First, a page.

Keeping a wild animal captive leads to mistakes

Last Wednesday a trainer at SeaWorld in Orlando was killed by a whale. According to CNN, trainer Dawn Brancheau was one of the park’s most experienced animal trainers. The whale that attacked her, Tillikum, is a 12,000-pound orca that has been involved in two other fatalities.

Was this tragedy preventable? According to People for the Ethical Treatment of Animals, it was. These wild and dangerous animals are confined to spaces so small it feels like a bathtub to these giant sea creatures. Maybe SeaWorld is involved in animal cruelty and the animals are not content. According to the PETA Web site, in the wild these whales swim up to 100 miles a day. Confined to these tanks, the animals feel trapped and frustrated. It’s just not natural.

Experts aren’t surprised when whales attack humans, even though they are not known to be a threat to us. They just don’t know they are supposed to be gentle with us. It’s not really their fault. They think they are playing with us because they don’t have a clue how fragile we are.

These animals are smart and clever and shouldn’t be made to amuse humans especially when the price they pay is so high. Imagine being isolated and alone in a tank and maybe even deprived of food (one of the trainers’ tricks to get them to learn the performances) and unable to swim freely.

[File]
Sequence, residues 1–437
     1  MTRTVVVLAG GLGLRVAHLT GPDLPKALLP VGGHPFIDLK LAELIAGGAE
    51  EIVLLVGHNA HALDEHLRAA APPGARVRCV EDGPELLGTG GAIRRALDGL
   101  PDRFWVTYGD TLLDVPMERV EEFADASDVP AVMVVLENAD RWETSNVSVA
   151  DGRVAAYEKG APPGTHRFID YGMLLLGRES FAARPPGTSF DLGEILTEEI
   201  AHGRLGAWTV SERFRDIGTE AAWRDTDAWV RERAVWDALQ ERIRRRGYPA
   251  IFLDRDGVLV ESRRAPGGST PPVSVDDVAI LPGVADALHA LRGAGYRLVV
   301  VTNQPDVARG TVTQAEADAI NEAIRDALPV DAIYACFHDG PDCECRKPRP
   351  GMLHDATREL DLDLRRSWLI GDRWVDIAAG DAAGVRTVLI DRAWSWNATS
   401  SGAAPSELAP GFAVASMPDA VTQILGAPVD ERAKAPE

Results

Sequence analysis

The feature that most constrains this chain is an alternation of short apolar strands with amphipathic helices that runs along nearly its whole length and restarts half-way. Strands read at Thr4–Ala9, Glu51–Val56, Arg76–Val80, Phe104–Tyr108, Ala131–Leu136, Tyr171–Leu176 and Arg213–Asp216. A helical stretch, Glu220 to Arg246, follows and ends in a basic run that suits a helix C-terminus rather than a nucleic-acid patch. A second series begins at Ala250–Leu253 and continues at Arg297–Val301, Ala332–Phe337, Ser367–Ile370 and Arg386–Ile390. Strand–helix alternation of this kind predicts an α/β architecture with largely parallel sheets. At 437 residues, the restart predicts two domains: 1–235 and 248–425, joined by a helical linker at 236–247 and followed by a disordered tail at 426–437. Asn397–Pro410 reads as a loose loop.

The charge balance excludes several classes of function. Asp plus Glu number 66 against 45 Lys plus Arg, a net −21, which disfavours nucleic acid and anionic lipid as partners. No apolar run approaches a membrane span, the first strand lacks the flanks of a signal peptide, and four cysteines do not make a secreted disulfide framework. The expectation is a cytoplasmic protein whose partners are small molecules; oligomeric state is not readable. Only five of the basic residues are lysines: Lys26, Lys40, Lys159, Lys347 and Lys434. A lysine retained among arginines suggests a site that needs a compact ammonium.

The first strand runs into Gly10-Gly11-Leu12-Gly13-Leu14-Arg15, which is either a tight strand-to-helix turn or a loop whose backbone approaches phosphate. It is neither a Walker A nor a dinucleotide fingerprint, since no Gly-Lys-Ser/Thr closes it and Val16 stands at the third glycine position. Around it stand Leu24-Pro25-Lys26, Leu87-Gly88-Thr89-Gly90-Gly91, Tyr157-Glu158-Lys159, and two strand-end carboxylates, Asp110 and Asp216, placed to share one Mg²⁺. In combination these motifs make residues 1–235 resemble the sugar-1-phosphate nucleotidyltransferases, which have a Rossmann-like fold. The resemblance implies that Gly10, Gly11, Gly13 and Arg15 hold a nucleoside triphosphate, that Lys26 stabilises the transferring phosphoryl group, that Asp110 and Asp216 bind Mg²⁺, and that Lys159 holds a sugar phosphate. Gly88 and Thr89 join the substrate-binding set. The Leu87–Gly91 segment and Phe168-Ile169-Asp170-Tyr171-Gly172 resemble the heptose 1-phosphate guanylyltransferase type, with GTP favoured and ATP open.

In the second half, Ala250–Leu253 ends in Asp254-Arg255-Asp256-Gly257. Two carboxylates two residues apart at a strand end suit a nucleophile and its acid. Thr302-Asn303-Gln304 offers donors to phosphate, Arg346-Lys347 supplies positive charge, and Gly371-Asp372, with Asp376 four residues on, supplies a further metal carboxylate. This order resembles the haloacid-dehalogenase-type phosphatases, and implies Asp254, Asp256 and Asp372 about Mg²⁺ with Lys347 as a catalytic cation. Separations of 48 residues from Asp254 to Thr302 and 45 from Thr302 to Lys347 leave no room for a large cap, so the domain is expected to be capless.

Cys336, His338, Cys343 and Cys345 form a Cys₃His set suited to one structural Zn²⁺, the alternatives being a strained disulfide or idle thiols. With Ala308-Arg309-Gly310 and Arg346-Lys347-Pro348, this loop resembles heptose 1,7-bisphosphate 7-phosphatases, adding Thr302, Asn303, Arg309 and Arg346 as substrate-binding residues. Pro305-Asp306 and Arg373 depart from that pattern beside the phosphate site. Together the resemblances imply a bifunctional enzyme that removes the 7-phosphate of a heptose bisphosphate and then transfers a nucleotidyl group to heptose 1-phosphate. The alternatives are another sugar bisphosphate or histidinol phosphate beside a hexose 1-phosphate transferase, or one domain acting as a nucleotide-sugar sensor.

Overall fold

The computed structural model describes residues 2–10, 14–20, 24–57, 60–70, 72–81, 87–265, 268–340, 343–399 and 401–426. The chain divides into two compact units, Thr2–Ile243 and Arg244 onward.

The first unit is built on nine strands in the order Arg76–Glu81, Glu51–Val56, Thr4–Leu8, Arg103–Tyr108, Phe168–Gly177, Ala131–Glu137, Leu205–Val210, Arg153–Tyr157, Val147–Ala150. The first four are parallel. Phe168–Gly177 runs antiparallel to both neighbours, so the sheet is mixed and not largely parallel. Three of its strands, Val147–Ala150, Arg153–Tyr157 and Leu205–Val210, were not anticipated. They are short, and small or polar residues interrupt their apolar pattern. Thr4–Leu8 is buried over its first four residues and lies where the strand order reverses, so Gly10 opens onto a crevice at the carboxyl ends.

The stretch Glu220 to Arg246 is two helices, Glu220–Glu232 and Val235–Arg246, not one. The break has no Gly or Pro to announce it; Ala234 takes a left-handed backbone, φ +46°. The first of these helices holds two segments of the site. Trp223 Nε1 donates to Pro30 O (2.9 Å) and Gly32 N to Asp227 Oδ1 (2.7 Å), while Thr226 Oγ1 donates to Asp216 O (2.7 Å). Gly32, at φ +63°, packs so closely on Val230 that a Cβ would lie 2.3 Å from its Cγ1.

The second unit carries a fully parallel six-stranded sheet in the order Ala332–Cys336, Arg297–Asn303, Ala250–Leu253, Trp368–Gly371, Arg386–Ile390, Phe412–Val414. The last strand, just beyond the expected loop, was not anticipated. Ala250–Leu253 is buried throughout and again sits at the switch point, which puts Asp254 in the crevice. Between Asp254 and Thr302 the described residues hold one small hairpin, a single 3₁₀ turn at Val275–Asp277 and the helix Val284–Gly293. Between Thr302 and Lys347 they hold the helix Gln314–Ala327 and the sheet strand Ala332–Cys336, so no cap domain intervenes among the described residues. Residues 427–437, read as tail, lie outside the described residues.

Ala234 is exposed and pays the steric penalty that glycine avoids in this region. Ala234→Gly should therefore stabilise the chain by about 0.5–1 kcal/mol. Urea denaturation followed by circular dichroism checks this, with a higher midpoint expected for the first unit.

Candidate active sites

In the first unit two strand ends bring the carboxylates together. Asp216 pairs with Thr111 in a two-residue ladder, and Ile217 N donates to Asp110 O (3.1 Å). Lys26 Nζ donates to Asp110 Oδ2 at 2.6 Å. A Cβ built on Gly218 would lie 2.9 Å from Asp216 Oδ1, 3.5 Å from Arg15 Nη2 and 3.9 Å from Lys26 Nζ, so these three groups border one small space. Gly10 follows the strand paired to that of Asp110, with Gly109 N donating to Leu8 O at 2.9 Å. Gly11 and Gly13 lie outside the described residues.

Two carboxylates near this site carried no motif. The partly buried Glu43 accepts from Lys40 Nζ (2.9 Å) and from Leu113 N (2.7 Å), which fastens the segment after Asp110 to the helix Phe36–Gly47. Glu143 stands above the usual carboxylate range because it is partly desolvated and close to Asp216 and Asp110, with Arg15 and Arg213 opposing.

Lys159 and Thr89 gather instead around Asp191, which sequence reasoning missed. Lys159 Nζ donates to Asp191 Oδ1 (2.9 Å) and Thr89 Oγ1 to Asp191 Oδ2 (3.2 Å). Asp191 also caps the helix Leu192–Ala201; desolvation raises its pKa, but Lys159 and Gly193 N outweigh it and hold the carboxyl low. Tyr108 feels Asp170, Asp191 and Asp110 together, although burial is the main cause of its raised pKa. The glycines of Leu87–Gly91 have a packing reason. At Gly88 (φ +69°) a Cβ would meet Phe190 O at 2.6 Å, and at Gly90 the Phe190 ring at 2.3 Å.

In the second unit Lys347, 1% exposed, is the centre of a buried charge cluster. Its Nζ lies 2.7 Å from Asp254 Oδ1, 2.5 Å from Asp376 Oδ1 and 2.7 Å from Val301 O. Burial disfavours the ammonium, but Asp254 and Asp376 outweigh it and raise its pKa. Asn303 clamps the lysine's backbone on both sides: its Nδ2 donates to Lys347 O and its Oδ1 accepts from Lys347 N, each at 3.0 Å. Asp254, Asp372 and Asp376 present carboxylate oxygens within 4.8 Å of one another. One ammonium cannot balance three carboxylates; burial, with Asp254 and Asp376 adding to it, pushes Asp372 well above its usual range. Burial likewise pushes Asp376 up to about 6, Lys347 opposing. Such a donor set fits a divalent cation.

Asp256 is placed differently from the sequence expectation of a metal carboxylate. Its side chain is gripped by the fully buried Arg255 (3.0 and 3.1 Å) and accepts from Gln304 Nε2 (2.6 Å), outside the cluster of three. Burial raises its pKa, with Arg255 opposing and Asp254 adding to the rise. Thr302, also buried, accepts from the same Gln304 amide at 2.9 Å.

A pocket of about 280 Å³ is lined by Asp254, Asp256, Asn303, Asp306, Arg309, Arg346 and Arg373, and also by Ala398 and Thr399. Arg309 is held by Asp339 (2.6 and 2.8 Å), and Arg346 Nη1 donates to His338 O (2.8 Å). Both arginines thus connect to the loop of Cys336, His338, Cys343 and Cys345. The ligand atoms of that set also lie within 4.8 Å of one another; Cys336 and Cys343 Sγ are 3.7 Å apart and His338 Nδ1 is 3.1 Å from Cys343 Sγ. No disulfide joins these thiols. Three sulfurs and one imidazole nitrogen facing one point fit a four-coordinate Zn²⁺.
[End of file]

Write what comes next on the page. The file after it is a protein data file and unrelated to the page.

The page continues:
Imagine seeing the trainer get killed. That must have been horrifying for children watching. This should not be repeated. Some people say the whale should be euthanized. This makes me very angry. That whale doesn’t know he did anything wrong. What needs to happen is his release.

PETA is mounting a campaign right now for the release of this whale and other sea animals that perform at SeaWorld before something like this has to happen again. Sadly, the park remained open after Brancheau’s death and, as the saying goes, the show will go on.

However, the quality of life for these animals continues to dwindle. Nature has given us a gift, bestowing these majestic creatures on our planet. They are amazing to watch and interesting to learn about. But I believe if people truly want to celebrate these animals, they should allow them to live their lives as nature intended: free and in the open sea.

According to National Geographic, killer whales are ferocious predators who love to hunt seals, sea lions, fish and squid. They thrive on social interaction and have been known to live in groups called pods consisting of up to 40 whales.

Going from the ocean to captivity is a sad reality for these beautiful whales. By boycotting SeaWorld, joining PETA and writing letters we can begin to express our frustration so we can put an end to these terrible tragedies. More humans shouldn’t have to die so people can be entertained.

This whale is trying to tell us something, and we should listen. It’s a little more than interesting to me that there are zero documented killer whale attacks on humans in nature, yet the attacks by whales in captivity keep mounting.

Christi Aldridge is a senior strategic communication major from Hillsboro.